Several MDN readers have a similar problem: They want to read MDN content in English, but instead are getting pages in a different language. This is a hard problem to solve, but there are some things you can do to see more English on MDN.
Examples of the problem
Here are some ways this issue occurs:
- An Italian developer types “developer.mozilla.org” in the browser location bar. They are redirected to https://developer.mozilla.org/it (Italian). They wanted https://developer.mozilla.org/en-US (English).
Some reasons why developers prefer the English document:
- The translation is stale, and doesn’t include changes made to the English page.
- The translation is a mix of English and their language, and just English would be easier to follow.
- Their development team or community uses English.
- Most technical documentation is in English, and they want to stay in English when reading.
- They prefer to use machine translation of the English content.
If you’d like to help improve the translations, see https://developer.mozilla.org/docs/MDN/Contribute/Localize
Why does this happen?
MDN has two kinds of URLs - locale-specific URLs, and locale-redirect URLs.
Locale-specific URLs specify the locale in the URL. For example, the URL https://developer.mozilla.org/en-US/docs/Web/HTTP/Headers/Accept-Language specifies
en-US, or English (US). The same content is available in French at https://developer.mozilla.org/fr/docs/Web/HTTP/Headers/Accept-Language, which specifies
fr. Sometimes, just the locale changes in the URL, but in other cases, the slug is translated, such as https://developer.mozilla.org/en-US/docs/Learn/Getting_started_with_the_web versus https://developer.mozilla.org/fr/docs/Apprendre/Commencer_avec_le_web.
Locale-redirect URLs do not specify the locale, and are the English document without
en-US/. For example, https://developer.mozilla.org/docs/Web/HTTP/Headers/Accept-Language will redirect the user based on the browser’s
Accept-Language header, which specifies the user’s language preferences. The
Accept-Language setting is often determined from the language settings of the operating system, or by downloading a region-specific version of a browser.
Search Engines, such as Google, only index locale-specific URLs. If the engine determines that you would prefer a language (such as using https://www.google.de/, or searching from a German IP address), then Google will prefer to show MDN pages in that language, and you won’t see the MDN page in English.
Please continue using locale-specific URLs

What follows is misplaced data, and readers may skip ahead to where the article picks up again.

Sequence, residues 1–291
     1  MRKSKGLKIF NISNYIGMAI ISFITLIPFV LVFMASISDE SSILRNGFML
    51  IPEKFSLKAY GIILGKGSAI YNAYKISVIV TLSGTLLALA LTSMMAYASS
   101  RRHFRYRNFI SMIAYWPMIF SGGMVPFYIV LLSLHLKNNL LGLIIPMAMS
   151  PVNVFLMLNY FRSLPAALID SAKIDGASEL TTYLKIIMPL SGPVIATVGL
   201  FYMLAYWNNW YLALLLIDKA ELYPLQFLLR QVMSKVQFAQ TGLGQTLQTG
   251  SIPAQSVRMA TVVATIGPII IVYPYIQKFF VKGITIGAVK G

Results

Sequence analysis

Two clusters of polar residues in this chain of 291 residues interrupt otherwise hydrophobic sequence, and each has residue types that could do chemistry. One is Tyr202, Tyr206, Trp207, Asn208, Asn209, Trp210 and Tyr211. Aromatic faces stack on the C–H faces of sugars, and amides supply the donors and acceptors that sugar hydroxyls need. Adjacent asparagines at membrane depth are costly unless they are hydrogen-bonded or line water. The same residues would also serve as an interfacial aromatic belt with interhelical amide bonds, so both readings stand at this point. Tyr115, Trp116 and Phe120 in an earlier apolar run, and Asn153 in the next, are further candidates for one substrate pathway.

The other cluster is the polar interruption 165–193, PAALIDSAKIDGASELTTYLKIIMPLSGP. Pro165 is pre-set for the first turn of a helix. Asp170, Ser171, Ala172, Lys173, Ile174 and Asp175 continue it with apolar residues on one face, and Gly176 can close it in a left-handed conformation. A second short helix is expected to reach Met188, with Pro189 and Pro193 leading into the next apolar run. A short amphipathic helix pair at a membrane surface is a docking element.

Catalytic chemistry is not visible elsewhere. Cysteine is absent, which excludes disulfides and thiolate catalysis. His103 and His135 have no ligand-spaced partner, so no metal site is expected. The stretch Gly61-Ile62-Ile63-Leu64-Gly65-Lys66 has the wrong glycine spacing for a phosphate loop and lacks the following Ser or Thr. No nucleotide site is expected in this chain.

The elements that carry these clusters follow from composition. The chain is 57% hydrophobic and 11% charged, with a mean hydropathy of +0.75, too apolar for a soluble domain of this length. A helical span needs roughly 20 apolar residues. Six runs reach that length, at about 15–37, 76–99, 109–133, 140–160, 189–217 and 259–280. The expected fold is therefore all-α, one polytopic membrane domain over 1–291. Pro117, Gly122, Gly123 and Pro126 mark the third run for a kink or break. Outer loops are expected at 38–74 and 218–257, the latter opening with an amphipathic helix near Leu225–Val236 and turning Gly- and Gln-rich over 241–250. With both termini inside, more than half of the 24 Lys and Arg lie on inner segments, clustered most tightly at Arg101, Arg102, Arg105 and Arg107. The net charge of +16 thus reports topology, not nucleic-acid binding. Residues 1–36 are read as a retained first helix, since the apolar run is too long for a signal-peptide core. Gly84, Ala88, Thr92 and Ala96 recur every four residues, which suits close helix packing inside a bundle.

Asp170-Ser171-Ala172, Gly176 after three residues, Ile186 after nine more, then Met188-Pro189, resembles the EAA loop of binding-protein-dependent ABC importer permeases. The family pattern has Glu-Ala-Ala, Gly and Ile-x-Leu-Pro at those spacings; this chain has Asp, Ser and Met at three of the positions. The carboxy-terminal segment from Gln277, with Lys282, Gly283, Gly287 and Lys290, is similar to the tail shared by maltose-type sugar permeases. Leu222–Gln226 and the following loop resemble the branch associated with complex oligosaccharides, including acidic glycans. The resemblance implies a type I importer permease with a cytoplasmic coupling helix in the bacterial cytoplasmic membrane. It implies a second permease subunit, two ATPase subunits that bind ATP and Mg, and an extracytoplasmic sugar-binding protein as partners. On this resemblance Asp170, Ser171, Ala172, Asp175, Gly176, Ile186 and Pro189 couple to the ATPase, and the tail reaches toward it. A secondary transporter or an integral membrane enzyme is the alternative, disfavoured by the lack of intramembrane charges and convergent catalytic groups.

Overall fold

You may be tempted to switch translations to use locale-redirect links. However, we’d like you to continue to use locale-specific URLs in MDN documentation, so that visitors and search engine crawlers get a consistent locale. For the complete discussion, see Localized URLs Hardcoded.
Workarounds and short-term solutions
There are some things you can do to get English content on MDN more often.
Install an add-on / extension / plugin
The English Content Firefox add-on redirects to the English document on MDN and other developer sites, and is the most direct way today to say “Show me MDN in English”. There may be other plugins, and writing a plugin would be a way to explore the design issues and become a hero to MDN readers with your issue.
Configure the Accept-Language header
If you prefer English all the time, then find the browser setting to change your
Set your preferred language for search
For Google, you can set your preferred language to English, or ask Google to show multiple languages in results. See https://support.google.com/websearch/answer/3333234.
Set a language preference cookie
When MDN detects that you’ve changed languages, we ask if you want to remember that preference. If you select Yes, then we save a cookie that overrides
Accept-Language for locale-redirect URLs. This does not change the language for locale-specific links.
Use an offline documentation tool
There are third-party tools that include some MDN English documentation for specific topics, such as the CSS Reference.
MDN’s Mozilla staff is aware of the problem with translations, and that a significant number of users prefer to always read English. We hope to improve the experience of MDN for non-English readers. The developers think it will take a 3 to 5 year effort to redesign the content engine, rather than a series of bug fixes for the current content engine. Some design goals for a new content engine are:
- Make it easy for the community to keep translations up to date
- Avoid indexing out-of-date or incomplete translations
- Avoid showing out-of-date or incomplete translations by default
- Prioritize translations of the most useful pages
- Allow users to customize when a translation is shown
- Allow users to automatically redirect to the English page
We’re also researching the costs and benefits of translations by page type (reference versus Learning Area), and the value of translations to groups of native speakers, to determine how much resources should be dedicated to translations versus other priorities.
Most of the previous discussion of this issue is in Bugzilla, such as
- bug 1331729 - Introduce a language preference/cookie to prevent site redirections
- bug 1440602 - Always view documentation pages in user selected language
- bug 1432826 - Create a “MDN in English” extension to make it easier to view MDN in English
One of the goals of this post is to have a summary of the issue for future bug reports, with some helpful advice for readers with with annoyance.